She was a different kind of first lady and other first ladies in other states had their brand of Better life. When I wrote my book, 50 Years of Television,  I was invited by her and she supported me. She was a role model to a lot of women and she made so many idle house_wives breadwinners.

Mrs Maryam Babangida was a trailblazer and a mobilser  per excellence. She remains unforgettable . As a journalist, I worked  with her for four years. She was the first lady and I worked with her.  There was  a particular incident. I  attended  a function with her.

I  sat there jotting my points and suddenly ,my pen  stopped flowing. I was shaking it  but it would not work. I did not know madam was watching me. She got up and gave me her pen. It was an expensive mont blanc pen and I thanked her.

After the event, I went to her when she was going to return the pen but she told me to keep it. That was madam for you. She was very observant, very caring,  very firm but very fair. She was a true mother.

When the  final movement  of the seat of power from Dodan  Barracks to Aso Rock became a reality, many of us left with apprehension but madam made sure all her staff  were well taken care of.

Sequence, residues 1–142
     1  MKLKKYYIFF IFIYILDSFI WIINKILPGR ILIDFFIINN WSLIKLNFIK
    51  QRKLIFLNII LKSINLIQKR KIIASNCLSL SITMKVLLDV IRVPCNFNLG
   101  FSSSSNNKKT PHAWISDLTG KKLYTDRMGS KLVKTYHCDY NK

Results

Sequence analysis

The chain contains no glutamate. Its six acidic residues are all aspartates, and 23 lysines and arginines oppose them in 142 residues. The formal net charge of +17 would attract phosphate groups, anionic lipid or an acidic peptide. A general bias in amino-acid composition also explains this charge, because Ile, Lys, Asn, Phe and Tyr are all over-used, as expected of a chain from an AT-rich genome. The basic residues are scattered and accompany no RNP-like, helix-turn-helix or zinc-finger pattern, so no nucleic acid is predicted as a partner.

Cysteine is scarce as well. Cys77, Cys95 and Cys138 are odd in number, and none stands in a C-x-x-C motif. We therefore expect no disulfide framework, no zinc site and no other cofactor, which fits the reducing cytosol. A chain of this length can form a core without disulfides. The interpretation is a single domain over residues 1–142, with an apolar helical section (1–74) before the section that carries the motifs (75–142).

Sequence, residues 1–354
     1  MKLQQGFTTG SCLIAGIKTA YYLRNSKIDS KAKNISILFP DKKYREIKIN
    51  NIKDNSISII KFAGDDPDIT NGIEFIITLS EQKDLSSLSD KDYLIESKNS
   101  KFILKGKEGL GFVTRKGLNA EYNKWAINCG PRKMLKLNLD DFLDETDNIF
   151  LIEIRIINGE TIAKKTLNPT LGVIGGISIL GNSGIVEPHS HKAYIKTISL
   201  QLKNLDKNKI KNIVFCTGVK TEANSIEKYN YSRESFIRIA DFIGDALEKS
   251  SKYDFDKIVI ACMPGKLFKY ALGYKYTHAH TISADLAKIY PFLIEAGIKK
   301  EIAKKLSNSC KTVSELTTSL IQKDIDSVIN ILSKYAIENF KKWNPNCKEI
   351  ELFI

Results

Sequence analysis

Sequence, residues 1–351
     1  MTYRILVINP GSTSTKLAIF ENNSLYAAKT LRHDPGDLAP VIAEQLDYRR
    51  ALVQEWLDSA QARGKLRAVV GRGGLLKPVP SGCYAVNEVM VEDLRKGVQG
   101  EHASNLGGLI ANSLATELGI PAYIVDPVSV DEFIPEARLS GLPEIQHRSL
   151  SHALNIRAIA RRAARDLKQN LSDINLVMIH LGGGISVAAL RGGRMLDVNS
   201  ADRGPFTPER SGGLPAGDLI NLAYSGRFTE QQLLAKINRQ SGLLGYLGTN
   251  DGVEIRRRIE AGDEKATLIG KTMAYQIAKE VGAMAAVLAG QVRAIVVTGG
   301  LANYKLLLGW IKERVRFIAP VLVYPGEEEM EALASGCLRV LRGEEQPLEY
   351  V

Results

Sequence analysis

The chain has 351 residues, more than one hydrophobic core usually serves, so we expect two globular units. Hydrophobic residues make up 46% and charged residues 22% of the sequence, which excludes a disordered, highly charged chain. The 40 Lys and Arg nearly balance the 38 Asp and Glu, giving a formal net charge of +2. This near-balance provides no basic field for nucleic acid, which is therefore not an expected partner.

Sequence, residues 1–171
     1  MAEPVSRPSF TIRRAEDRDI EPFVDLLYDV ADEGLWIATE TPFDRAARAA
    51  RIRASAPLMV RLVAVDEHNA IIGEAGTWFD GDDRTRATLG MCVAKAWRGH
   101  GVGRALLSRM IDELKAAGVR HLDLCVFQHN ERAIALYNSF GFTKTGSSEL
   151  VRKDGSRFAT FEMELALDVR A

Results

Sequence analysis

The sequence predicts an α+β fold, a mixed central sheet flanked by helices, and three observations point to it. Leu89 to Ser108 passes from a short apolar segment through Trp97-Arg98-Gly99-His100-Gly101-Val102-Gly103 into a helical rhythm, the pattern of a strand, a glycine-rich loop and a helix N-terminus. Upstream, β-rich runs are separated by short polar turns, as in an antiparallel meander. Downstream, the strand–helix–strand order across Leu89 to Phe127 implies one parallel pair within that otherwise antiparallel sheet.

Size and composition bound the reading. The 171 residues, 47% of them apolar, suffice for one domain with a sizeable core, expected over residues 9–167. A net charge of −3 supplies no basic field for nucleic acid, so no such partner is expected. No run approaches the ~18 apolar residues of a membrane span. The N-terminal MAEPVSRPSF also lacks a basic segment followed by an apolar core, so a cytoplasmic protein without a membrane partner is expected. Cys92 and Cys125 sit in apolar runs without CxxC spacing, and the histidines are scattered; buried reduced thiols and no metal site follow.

Her Better Life Programme ,BLP, without any iota of doubt remained one of the most successful and  impactful programme embarked  upon by anyone. I still interacted with a group of women three months ago who said they got economically empowered by  Mrs Babangida through her charity  network. She opened a new vista for Nigerian women.

I learnt so much from her in those four years I worked with her. The virtues of discipline, integrity, giving back, touching lives, family values were her hallmarks. She monitored my progress all through and would always chip in one or two words of advice. She was a true mother; firm, focused, fair, virtuous, principled and a woman full of wisdom and initiatives; a great woman of  all times.

At the seat of government ,you would see Aisha, Mohammed and Aminu, ( Halima  was a baby  then) mingle freely with all. They had no airs around them. They were humble, dignified and respectful. She liked to gist and I will miss her gist and wise counseling.

I spoke with her barely twelve days ago. I will miss her and all Nigerians women must ensure her legacies live forever.

Mrs. Sarah Jubril

Besides being a one-time first lady, we’re all together as soldiers wives in the army officers wives association which metamorphosed into Better Life for Rural Dwellers.

I remember that I discussed  that personally with her in her sitting room. She imparted on us mentors and she economically empowered women especially though better life. She touched the life of women and made sure she touched the lives of rural women and children. She was a colleague, a compatriot and a mother in a million.

On a personal level, she was a family person and trained her children very well. She touched Nigeria as a whole and her impact was felt throughout the federation. She made idle house wives working mothers and bread –winners and Nigerian women will remember her for a long time. As a first lady, she was the best and we will miss her.


Disclaimer

Comments expressed here do not reflect the opinions of vanguard newspapers or any employee thereof.